Blonde, curvaceous girls have enough trouble getting the world to take them seriously. Carrie Prejean’s new book and incoherent press tour to promote the same is doing nothing to help their cause. The former beauty pageant contestant, infamous for her dithering endorsement of “opposite marriage,” took her contested pair of mammaries on the talk show circuit to discuss her memoir, Still Standing: The Untold Story of My Fight Against Gossip, Hate, and Political Attacks, and dodge questions about a newly surfaced sex tape (which, she claims breathlessly, is not really a sex tape, but a private token of love and naked affection.)
That Carrie Prejean is even a public figure has been laughable from the start: fame-whore blogger asks beauty queen incendiary sociopolitical question; beauty queen stammers out a vague position not to the fame whore’s liking; conservatives and liberals rally behind the beauty queen and the fame whore, respectively; salacious photos surface, prompting pageant officials to fire beauty queen and sue her for the cost of her boob job; beauty queen sues the organization right back for “libeling” her due to her “religious beliefs.” Then … beauty queen writes memoir to “Give Americans, just, hope” in the survival of free speech against the biased media? Sounds to me like the beauty queen and the fame-whore have more in common than they realize.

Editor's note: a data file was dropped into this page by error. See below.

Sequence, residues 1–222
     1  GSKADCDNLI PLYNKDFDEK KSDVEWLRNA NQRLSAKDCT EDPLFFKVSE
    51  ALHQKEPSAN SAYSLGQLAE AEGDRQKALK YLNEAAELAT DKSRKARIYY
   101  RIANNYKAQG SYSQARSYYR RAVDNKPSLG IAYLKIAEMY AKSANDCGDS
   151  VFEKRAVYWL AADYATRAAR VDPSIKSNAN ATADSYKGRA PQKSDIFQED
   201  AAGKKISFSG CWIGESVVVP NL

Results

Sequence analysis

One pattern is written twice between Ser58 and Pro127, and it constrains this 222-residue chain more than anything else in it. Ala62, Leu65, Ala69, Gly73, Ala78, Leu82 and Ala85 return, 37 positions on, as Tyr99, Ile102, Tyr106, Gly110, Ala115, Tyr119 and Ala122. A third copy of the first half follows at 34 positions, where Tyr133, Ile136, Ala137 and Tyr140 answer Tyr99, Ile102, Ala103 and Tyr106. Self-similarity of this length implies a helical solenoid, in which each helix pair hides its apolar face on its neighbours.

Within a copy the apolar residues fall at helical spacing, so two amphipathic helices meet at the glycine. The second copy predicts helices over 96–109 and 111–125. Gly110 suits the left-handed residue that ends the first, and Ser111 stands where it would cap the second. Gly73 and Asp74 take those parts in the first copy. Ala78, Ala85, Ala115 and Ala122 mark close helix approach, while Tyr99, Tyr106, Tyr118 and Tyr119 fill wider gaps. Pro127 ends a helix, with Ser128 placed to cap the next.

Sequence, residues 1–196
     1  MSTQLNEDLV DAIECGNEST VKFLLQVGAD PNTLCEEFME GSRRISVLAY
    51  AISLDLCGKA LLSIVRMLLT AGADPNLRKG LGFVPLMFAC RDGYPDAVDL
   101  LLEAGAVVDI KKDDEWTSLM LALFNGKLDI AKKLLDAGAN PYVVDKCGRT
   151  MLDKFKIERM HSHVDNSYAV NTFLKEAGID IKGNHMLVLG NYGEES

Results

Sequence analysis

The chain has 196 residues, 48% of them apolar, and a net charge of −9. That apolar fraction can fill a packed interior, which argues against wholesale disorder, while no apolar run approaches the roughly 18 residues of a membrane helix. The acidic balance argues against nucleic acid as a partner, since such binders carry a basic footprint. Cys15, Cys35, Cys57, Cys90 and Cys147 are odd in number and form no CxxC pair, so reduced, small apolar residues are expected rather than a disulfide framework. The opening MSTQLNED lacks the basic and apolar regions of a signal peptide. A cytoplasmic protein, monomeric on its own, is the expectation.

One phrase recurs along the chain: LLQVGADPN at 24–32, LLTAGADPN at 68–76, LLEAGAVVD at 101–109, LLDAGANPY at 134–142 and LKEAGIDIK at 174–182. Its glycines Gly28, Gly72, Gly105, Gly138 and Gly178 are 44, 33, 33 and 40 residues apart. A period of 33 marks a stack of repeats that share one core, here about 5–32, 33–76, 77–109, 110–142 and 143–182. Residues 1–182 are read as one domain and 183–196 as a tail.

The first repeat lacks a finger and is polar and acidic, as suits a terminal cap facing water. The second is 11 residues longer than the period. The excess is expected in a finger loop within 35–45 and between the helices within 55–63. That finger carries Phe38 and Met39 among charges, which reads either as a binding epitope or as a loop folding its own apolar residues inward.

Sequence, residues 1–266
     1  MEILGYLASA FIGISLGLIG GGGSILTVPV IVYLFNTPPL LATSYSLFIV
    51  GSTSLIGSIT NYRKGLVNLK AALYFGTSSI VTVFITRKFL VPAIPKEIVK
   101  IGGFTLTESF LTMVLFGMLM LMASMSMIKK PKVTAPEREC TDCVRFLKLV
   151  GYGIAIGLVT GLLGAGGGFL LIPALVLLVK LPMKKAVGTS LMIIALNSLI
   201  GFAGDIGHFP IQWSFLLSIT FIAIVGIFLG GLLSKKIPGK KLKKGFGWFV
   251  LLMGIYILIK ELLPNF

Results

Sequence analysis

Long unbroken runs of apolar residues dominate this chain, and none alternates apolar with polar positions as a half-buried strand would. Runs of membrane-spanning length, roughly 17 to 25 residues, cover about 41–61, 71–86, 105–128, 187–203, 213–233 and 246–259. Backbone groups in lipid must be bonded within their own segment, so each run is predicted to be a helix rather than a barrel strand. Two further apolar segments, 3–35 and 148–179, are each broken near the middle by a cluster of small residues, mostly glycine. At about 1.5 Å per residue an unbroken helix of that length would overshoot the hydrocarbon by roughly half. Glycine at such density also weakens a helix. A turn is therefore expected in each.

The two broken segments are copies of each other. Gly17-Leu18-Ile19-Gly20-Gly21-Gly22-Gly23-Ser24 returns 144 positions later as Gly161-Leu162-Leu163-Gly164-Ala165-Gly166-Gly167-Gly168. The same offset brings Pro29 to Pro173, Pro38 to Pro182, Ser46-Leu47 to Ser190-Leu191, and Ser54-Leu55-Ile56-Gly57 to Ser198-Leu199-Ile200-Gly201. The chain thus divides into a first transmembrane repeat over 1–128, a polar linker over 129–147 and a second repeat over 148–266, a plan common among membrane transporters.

After the jump, Prejean's false claims of victimhood and media bias.
American Idol lassoed the Green excitement by introducing a hybrid for its eighth season, which debuted last night on Fox. Kara DioGuardi, a Grammy-nominated songwriter, joined Paula, Randy and Simon the Terrible as the highly anticipated fourth judge. Along with her rather pretty face, DioGuardi’s judging brought some much-needed balance to the Coca-Cola-sponsored table.
DioGuardi’s critiques were straightforward and realistic, minus eviscerating smirk or vacuous babble. She seemed genuinely pleased to meet Leah Marie, a 16-year-old songwriter self-described as “a cross between Hilary Duff and Madonna,” who presented the new judge with a binder of original songs before caterwauling a rendition of Cascada’s “Everytime We Touch.”
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